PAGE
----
Stress is an emotion we are all familiar with. There are many situations that cause us stress, an emotion that we generally experience because of something that directly affects us.
However, it also happens that we can be stressed simply because a person around us is. Just like yawning or laughing, stress is contagious and it can happen that even the calmest person in the world ends up getting stressed because a friend of theirs is overwhelmed.
This acquired emotion has been called second-hand stress., just like the smoke we breathe when we have a smoker nearby. Let’s look a little deeper why we become infected with this emotion.
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What is secondhand stress?
We have all heard that, even if we are not the ones who smoke, receiving secondhand tobacco smoke is almost as harmful as smoking. Well, there are those who say that this same rule applies to stress, even if we are not the ones who experience it firsthand.
This type of emotion is known as secondhand stress, and has been defined as the vulnerability of acquiring the stressful state of others, infecting their nervousness and emotional discomfort..
It is not something uncommon. Everyone has experienced it at some point because, whether we like it or not, it is inevitable to be affected by the mood of others. It is enough to spend a few hours with that co-worker who gets overwhelmed as soon as he has a delivery, that friend who always seems to be pushed to the limit, or that sister who perceives everything as a constant threat.
Other people’s negative emotions can upset us, something that shows our human and empathetic nature but is also very annoying.
It appears that experiencing second-hand stress makes some biological sense.. From a neurological and phylogenetic perspective, catching other people’s stress is actually an adaptive mechanism that allows us to sense danger. When we see that someone is upset, we deduce that he is upset because there is a threat, which can also harm us and therefore should be avoided. Therefore, we empathize with that person, experiencing the same emotion as them to act accordingly.
The problem is that, although this mechanism must have been very useful in the past, today it seems to have become a handicap, something that, more than a protection mechanism, is a danger to our mental health. Second hand stress, In many cases, it is unnecessary suffering arising from mismanagement of another person’s negative emotions.. Living with someone who does not properly manage stress can end up affecting us and hurt us.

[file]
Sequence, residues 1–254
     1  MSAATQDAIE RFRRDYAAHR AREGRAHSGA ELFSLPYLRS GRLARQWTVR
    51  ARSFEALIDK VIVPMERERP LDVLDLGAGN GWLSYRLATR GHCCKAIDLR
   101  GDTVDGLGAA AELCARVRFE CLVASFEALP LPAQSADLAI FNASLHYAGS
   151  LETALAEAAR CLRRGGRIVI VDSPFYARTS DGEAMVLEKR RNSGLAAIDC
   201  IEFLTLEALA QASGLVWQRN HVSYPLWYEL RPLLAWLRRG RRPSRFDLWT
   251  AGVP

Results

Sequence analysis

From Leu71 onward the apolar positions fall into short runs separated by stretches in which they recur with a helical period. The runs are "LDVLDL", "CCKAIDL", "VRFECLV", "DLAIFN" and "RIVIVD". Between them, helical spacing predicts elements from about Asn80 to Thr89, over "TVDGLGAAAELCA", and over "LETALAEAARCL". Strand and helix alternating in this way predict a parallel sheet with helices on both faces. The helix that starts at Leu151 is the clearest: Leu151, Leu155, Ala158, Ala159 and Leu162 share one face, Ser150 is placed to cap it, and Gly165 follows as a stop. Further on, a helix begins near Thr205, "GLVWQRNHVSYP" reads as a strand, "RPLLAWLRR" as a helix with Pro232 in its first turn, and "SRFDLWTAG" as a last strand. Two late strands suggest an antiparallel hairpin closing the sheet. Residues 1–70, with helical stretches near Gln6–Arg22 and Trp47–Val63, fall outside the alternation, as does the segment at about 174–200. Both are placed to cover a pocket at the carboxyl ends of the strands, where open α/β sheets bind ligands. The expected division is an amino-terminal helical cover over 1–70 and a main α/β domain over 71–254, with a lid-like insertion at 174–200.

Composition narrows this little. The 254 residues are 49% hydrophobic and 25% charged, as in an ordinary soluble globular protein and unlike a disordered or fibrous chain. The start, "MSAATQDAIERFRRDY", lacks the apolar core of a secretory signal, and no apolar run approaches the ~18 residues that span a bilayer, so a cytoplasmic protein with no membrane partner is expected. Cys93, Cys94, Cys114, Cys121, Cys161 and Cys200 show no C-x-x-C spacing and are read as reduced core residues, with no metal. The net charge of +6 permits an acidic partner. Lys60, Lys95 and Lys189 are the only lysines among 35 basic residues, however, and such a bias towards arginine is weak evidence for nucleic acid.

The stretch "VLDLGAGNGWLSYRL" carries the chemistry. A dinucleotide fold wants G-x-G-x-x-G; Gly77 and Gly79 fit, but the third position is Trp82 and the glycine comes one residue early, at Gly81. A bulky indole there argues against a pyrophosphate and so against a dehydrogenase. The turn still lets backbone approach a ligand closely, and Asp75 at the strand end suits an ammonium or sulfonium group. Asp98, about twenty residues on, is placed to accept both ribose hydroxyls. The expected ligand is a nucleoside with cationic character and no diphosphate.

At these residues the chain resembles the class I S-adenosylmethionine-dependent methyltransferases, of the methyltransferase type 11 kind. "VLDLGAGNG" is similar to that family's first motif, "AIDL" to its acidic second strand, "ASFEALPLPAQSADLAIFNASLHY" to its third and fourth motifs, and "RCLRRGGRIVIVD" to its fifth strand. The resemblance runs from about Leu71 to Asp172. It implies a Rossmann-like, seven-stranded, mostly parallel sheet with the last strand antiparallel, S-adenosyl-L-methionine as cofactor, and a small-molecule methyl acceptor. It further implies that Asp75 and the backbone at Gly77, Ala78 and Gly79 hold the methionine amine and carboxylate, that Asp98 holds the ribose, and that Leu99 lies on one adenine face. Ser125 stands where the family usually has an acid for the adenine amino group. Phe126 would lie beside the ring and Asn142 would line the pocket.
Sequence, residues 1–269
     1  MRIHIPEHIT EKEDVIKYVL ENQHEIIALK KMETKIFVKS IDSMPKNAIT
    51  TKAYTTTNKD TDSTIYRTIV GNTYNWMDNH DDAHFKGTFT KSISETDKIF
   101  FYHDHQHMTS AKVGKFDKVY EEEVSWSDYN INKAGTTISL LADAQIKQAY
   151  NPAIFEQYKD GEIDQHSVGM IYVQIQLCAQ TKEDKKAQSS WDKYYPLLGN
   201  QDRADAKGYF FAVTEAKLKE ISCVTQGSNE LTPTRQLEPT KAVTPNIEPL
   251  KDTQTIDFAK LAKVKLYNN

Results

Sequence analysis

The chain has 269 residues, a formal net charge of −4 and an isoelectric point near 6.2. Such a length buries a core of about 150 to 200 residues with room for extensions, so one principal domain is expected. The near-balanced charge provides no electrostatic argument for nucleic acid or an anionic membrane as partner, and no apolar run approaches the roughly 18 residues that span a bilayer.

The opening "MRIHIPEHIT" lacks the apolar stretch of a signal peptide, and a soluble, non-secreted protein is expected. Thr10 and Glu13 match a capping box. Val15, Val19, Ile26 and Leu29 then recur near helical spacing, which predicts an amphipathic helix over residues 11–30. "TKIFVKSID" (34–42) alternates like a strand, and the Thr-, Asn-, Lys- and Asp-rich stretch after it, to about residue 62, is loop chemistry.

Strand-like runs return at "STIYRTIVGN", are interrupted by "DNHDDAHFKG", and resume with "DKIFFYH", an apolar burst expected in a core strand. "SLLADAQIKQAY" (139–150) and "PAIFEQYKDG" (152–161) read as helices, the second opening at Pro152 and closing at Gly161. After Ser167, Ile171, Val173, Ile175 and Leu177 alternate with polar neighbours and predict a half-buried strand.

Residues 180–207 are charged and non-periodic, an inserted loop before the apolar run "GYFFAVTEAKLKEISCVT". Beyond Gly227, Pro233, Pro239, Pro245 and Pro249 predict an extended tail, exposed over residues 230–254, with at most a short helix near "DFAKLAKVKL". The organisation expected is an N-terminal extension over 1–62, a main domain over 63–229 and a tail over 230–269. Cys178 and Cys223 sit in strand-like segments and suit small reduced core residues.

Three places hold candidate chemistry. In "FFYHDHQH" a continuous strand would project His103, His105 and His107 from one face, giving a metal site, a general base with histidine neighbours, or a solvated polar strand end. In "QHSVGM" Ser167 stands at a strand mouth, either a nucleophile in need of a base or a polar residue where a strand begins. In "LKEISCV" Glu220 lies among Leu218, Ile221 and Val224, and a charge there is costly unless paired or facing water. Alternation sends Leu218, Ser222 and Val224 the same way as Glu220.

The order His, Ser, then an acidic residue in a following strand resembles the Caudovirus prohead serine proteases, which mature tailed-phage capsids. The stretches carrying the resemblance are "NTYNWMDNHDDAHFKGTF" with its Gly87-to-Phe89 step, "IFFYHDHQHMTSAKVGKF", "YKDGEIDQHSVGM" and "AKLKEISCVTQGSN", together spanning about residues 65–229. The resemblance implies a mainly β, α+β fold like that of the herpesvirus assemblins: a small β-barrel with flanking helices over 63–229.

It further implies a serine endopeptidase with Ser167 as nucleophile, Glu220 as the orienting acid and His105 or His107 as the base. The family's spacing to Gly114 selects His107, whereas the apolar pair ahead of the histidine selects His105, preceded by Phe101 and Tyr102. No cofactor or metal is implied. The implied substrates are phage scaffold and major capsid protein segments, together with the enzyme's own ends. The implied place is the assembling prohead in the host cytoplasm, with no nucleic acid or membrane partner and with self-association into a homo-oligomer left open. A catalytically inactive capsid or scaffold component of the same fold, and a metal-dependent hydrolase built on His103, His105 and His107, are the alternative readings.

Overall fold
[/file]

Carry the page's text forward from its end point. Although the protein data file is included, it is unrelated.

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It is inevitable to talk about mirror neurons and empathy when addressing why second-hand stress occurs. Empathy is responsible for us being in tune with the emotions of others, and it is even what makes us yawn when we see (or even hear) someone yawn or laugh. Empathy is the mechanism that makes us sensitive to other people’s emotions, both the good ones and those that involve suffering, such as stress.
Non-verbal communication also generates emotional contagions, since as they say, a picture is worth a thousand words and this also carries over into the realm of emotions. Sometimes we just need to pass by a room where people look exhausted, angry or stressed (for example, a subway car, a funeral home…) for us to end up catching those emotions, without them ever telling us what. It is what has made them feel this way or not even tell us that they feel this way.
Understanding this, we can see that Secondhand stress is the effect that being around someone who is emotionally tense has on our nervous system.. And we say that it has an effect on the nervous system because, in fact, being around nervous people causes our body to produce more cortisol, the famous stress hormone.
How does this psychological phenomenon appear?
As strange as it may sound, sometimes we behave in such an automatic way that we don’t even realize our emotions. It usually happens that, after doing things for a while out of pure inertia, we stop for a moment and realize that we are not feeling well emotionally. But at the moment we become aware of our emotions, it is downright difficult for us to identify what causes them.
That’s why second-hand stress affects us without us realizing it, but it doesn’t make it drain us of energy any less. This discomfort is especially intense after having spent time with one of the sources of stress.such as a boss, a colleague, a family member, a partner… Our energy fades and negative emotions take control.